November 11, 2012
A Mexican assassin who turned protected government witness against an accountant for the Sinaloa cartel has revealed in testimony that the cartel purchased weapons from the U.S. border patrol, according to Revista Contralinea (see translation from Spanish here).
WASR-10 rifles, a knock-off of the AK-47, were obtained from the Border Patrol and used in a turf war against rival drug gangs from Santa Ana to Nogales, Mexico. The Sinaloa cartel sent assassins to kill members of the Zetas and Beltrán-Leyva cartels and take control of the sale of cocaine and marijuana in the area, according to the informant going by the name “Victoria.”
The Los Angeles Times reported in October, 2010, that the war between the rival cartels was “a siege of medieval proportions that has cut off a region about the size of Rhode Island… There have been massacres and scores of kidnappings, but the war has gone largely unnoticed because of its remoteness, intimidation of journalists and the slow-motion tactics.”
Jesus Vicente Zambada-Niebla, known as the Sinaloa Cartel’s “logistics coordinator” and who faces drug charges in the United States, claims the Fast & Furious operation was not not about tracking guns, but supplying the Sinaloa Cartel with weapons to eliminate rivals.
Business Insider reported in October that emails leaked from Stratfor cited a Mexican diplomat as stating the U.S. government works hand-in-hand with the Sinaloa cartel. Stratfor’s intelligence corroborates a claim by a Sinaloa insider that cartel boss Joaquin Guzman works for the U.S. government and that the cartel was “given carte blanche to continue to smuggle tons of illicit drugs into Chicago.”
On July 24, Aljazeera reported statements made by a spokesman for the Chihuahua state government in northern Mexico implicating the CIA other international security forces in management of the lucrative drug trade.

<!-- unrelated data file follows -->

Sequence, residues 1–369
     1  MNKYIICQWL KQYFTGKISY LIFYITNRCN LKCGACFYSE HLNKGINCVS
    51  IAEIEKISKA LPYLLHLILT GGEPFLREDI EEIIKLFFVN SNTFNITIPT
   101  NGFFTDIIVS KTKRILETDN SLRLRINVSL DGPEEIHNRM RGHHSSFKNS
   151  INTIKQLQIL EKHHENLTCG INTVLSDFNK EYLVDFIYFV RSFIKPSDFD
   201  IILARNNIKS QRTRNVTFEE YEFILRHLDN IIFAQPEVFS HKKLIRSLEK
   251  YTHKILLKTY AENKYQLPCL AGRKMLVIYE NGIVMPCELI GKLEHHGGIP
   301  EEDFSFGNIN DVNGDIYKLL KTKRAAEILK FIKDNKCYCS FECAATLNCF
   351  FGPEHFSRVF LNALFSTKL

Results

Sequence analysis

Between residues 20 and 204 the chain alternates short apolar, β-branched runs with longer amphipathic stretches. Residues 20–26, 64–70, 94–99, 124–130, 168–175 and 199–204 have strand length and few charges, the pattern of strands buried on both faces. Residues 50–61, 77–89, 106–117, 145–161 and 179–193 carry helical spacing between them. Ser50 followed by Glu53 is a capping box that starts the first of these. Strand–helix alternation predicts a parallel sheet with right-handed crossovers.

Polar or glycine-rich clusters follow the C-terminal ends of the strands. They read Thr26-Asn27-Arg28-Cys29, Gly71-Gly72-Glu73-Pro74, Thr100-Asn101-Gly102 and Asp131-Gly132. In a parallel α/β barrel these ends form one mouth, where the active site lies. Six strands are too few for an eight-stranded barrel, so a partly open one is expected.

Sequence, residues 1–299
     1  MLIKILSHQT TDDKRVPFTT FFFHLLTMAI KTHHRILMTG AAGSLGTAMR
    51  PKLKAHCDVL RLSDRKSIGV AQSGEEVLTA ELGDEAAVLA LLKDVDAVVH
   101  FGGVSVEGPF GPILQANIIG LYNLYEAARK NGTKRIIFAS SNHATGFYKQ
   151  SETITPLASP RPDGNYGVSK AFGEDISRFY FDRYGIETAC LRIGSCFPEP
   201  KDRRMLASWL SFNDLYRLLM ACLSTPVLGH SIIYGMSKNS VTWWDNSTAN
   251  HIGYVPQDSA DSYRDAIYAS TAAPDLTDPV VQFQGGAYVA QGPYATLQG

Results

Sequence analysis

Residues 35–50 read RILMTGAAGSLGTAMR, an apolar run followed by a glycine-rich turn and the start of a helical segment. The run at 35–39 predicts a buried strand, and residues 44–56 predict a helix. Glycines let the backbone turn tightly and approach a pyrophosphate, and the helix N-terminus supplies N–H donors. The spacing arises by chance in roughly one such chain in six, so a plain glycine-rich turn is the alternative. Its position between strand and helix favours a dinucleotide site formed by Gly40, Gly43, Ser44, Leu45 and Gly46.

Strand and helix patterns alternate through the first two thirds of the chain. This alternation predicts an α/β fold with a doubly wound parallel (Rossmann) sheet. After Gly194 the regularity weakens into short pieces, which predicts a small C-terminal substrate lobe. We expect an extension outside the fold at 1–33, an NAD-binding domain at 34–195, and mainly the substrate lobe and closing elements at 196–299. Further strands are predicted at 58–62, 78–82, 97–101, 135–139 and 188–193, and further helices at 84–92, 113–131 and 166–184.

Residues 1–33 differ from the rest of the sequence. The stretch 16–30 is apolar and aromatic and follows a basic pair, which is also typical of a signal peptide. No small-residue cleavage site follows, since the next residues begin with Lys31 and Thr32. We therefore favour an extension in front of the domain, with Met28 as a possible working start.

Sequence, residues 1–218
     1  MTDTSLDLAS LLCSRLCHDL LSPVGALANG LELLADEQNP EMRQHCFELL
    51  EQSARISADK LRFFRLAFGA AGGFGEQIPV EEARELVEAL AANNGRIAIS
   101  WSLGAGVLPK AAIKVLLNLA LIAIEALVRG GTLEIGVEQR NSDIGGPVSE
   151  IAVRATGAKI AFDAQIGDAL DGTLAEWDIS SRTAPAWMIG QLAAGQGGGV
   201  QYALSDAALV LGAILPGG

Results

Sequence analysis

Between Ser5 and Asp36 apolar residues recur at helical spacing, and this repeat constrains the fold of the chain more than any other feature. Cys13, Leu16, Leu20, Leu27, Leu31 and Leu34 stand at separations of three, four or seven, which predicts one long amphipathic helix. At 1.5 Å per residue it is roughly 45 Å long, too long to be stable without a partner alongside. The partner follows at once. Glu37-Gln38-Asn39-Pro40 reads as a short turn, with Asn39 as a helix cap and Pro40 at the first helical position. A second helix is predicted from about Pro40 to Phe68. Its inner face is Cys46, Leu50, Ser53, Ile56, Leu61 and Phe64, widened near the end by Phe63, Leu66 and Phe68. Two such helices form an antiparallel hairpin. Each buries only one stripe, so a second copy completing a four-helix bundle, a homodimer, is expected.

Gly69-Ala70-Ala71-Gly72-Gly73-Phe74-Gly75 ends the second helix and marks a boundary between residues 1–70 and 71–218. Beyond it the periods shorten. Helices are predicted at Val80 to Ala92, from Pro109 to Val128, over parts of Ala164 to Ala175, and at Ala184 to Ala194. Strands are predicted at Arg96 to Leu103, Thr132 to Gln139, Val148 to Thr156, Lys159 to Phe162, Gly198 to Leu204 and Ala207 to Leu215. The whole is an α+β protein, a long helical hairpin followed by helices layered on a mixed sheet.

A mid-level officer with Mexico’s version of the Department of Homeland Security also said the CIA is involved in the Mexican drug trade. “It’s true, they want to control it,” the anonymous official said.
“Credibility issues with employees of the notoriously corrupt Mexican government aside, the latest accusations were hardly earth shattering — the American espionage agency has been implicated in drug trafficking from Afghanistan to Vietnam to Latin America and everywhere in between. Similar allegations of drug running have been made against the CIA for decades by former agents, American officials, lawmakers, investigators, and even drug traffickers themselves,” writes Alex Newman.
In addition to the CIA, U.S. banks have worked closely with the drug cartels. In 2006, it was discovered that the financial services company Wachovia was laundering billions of dollars for the Sinaloa cartel.
Wachovia, however, is merely the tip of the iceberg. Illicit drug money is so instrumental to the health of banking institutions it saved them from collapse during the financial crisis in 2008.
According to Antonio Maria Costa, head of the UN Office on Drugs and Crime, drug money was “the only liquid investment capital” available to banks during the period when many faced collapse and were subsequently deemed “too big to fail” and were bailed out by American taxpayers.